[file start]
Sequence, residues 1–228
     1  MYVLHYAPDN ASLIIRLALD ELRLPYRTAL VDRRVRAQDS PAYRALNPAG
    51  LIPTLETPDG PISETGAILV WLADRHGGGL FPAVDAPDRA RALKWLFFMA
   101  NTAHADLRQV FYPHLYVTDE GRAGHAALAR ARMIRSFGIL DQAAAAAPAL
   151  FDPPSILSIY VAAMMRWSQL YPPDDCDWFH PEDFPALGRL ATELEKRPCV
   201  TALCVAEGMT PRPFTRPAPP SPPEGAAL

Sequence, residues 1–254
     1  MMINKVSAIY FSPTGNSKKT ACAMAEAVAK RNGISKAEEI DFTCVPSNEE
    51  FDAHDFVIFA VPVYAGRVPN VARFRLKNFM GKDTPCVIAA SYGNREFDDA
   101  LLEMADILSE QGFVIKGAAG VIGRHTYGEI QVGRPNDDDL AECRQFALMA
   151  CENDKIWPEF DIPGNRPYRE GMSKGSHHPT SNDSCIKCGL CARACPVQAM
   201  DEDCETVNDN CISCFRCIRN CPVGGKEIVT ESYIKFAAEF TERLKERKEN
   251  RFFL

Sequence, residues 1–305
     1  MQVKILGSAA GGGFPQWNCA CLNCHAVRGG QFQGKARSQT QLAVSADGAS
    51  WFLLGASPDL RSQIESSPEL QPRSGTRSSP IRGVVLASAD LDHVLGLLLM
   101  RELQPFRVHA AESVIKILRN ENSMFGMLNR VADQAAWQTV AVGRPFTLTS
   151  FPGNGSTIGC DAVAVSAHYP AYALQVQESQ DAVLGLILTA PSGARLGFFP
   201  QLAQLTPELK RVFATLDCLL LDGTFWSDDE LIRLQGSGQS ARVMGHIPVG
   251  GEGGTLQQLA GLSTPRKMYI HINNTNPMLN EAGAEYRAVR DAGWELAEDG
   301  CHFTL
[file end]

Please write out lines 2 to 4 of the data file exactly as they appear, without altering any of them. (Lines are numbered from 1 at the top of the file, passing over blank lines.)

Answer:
     1  MYVLHYAPDN ASLIIRLALD ELRLPYRTAL VDRRVRAQDS PAYRALNPAG
    51  LIPTLETPDG PISETGAILV WLADRHGGGL FPAVDAPDRA RALKWLFFMA
   101  NTAHADLRQV FYPHLYVTDE GRAGHAALAR ARMIRSFGIL DQAAAAAPAL